In addition to raising awareness for important causes and diverse cultures, themed evenings have also boosted ticket sales, according to Ducks president and general manager Michael Pfaff. Many fans said they came to Wednesday’s game because of the special theme.

“There are about 1,500 seats [sold] in a 1,600-seat stadium,” Pfaff said. “People are interested in Irish Heritage Night.”

Fans are drawn to the Irish step dancers as a highlight of the evening.

Ducks fan Therese Parks, part Irish, attended Wednesday’s game to honor her heritage.

“Irish people are happy and spirited,” she said, “so yeah, it’s good.”

Rain or shine, Ducks fans storm Bethpage Ballpark

Empty stands at the Long Island Ducks game on Wednesday night. Only some super fans were in attendance due to the rained out game on Tuesday. (Christian Miller)

By Rachel Schneider
Great Neck South High School

Stephen Watkin was set to see the Long Island Ducks take on the Connecticut New Britain Bees with his wife, Paulette, on Tuesday – until it was postponed due to torrential rain. The weather was still on his mind when he returned to Bethpage Ballpark in Central Islip for the rescheduled game Wednesday.

“We pick an under hang so we are dry no matter how hard it rains,” said Watkin, who comes to about 10 games a season.

U.S. Army veteran Padraic Nugent, 83, of Massapequa, a fan of the Ducks for the last six years, said he was also planning to come on Tuesday, but was pleased the game had been postponed.

A typical Ducks game this season has around 4,854 tickets sold, and 677 games have been sold out since the Ducks were founded in 1998, according to Michael Polak, director of media relations and broadcasting.

Wednesday’s game had 4,952 tickets sold, but the stands were relatively empty and concession lines were short.

Bear Court cashier Emma Garguilo said the game rescheduling led to reduced sales.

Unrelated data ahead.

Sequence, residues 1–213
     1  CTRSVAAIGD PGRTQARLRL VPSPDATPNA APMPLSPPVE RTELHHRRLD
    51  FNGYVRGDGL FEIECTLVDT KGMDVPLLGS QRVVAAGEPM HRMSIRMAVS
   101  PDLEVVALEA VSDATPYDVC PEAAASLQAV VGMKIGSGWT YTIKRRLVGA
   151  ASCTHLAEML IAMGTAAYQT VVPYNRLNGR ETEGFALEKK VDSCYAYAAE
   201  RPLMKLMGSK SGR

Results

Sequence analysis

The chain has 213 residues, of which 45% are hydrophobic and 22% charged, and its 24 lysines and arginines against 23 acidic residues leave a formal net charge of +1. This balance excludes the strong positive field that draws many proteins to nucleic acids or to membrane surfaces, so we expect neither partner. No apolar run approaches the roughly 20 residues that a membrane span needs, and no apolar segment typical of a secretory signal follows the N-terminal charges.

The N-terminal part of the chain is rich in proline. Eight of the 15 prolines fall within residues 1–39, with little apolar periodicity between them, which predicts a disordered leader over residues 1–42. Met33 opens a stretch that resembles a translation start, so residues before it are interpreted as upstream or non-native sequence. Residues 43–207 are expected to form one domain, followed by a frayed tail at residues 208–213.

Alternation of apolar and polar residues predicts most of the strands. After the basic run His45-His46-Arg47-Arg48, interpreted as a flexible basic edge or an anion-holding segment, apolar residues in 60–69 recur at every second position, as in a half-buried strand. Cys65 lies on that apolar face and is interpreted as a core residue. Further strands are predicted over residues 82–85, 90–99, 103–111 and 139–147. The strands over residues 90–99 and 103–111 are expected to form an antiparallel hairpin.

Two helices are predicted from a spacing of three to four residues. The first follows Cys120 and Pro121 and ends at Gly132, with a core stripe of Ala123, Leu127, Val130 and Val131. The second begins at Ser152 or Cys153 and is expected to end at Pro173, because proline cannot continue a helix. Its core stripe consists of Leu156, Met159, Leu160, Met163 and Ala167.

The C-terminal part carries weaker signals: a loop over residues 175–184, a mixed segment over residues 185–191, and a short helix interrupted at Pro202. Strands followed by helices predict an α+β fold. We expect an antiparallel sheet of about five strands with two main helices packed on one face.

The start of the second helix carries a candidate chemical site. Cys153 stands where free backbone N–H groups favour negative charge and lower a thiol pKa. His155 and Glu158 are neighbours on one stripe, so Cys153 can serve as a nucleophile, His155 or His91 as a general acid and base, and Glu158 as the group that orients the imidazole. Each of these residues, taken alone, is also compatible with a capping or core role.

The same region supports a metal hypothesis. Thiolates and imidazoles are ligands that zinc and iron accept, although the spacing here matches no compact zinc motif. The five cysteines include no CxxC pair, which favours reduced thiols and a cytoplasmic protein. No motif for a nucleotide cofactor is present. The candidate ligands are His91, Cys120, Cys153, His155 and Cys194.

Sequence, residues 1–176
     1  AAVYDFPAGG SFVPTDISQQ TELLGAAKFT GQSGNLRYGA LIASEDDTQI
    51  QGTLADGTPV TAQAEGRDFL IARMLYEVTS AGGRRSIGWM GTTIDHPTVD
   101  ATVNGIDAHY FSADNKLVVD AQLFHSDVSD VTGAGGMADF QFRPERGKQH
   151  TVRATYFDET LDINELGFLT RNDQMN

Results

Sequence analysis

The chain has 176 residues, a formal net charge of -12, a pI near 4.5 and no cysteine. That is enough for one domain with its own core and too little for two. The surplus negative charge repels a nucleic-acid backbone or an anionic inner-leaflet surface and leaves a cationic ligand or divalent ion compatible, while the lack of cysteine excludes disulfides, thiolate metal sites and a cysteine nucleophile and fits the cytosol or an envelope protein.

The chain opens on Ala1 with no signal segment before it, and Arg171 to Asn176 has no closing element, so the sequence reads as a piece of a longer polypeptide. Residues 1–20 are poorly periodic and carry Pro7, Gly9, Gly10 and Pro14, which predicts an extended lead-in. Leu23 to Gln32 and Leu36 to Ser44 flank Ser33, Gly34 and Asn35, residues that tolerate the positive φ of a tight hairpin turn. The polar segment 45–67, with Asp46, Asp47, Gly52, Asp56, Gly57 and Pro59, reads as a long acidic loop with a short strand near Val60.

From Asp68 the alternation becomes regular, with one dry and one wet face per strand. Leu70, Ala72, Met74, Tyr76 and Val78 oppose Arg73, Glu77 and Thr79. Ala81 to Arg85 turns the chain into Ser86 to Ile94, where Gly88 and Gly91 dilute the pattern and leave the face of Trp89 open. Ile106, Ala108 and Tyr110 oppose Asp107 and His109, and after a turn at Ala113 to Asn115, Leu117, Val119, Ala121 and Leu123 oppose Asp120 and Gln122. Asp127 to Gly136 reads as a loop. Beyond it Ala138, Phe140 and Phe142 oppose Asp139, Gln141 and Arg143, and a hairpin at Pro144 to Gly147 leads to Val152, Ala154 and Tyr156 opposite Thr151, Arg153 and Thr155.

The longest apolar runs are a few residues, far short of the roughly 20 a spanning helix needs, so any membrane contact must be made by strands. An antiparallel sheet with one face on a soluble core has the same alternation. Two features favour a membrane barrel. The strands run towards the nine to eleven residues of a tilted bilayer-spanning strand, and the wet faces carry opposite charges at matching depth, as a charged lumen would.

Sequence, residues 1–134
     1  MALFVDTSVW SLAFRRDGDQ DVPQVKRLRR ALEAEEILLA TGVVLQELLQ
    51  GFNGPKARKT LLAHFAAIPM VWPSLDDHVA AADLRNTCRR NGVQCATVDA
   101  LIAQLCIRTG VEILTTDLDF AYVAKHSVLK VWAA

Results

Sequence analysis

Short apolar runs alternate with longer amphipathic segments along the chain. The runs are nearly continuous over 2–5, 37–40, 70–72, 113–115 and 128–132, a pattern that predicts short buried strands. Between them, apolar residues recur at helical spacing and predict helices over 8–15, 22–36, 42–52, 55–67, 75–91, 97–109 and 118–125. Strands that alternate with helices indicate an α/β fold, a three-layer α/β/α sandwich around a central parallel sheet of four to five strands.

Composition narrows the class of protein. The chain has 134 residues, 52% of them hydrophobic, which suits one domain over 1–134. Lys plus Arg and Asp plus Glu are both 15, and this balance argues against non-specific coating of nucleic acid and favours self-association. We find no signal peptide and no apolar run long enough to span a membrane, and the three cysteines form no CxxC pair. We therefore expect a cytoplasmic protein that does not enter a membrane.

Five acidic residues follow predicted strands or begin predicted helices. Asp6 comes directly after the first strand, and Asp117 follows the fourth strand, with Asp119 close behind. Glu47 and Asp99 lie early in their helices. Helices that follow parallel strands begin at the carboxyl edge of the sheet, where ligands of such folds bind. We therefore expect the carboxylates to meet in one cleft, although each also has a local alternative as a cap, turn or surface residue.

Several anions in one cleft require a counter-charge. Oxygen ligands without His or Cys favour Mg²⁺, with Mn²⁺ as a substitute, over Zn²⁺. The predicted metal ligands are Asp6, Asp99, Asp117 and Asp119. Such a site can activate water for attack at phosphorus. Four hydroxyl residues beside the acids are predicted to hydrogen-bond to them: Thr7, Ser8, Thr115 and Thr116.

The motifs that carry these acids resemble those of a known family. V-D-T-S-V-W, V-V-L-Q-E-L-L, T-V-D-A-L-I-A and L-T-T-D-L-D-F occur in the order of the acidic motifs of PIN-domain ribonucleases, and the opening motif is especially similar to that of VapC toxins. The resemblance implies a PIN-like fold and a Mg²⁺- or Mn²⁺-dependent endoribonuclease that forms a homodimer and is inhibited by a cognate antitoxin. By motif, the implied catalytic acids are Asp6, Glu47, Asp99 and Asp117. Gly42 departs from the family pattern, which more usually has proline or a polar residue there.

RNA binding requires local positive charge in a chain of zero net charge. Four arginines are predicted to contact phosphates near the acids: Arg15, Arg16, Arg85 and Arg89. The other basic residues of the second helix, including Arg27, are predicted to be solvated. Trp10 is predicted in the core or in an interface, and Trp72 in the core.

“It’s not that busy,” said Garguilo. “I’ve gotten maybe 30 [customers] and on a regular day there would be like 60.”

Like Watkin, Kathy Fels, who was decked out in a green sparkling top hat with “GO DUCKS” written across the top and clover glasses in honor of Irish Night, is willing to tolerate some rain for the love of the game.

“It depends on what kind of rain it’s going to be,” Fels said. “Obviously, last night it was more stormy. But if it’s just a little drizzle, you come anyway. Worse-case scenario, you sit up at the top.”

Adeishe Bagaloo contributed to this report.

Kids learn to play like a pro from the pros

The Kids Baseball Clinic at Bethpage Ballpark runs July 30 to August 1 and August 13 to August 15, 2018. (Photo by Matthew Quan.)

By Brianna Depra
Hempstead High School

Michael Pfaff, president and general manager of the Long Island Ducks, has a simple yet exciting goal for the Ducks upcoming baseball clinic.

“Learn to play like a pro from the pros,” Pfaff said.

Jordany Valdespin, who played parts of three seasons in the big leagues with the Mets and Marlins, is one of the instructors.

The camp is for kids of any skill level from ages 7 to 13, with groups for both beginners and experts. The first session runs from July 30 to August 1 and the second runs from August 13 to 15. Registration will be available until the first session, amounting to a total cost of $195.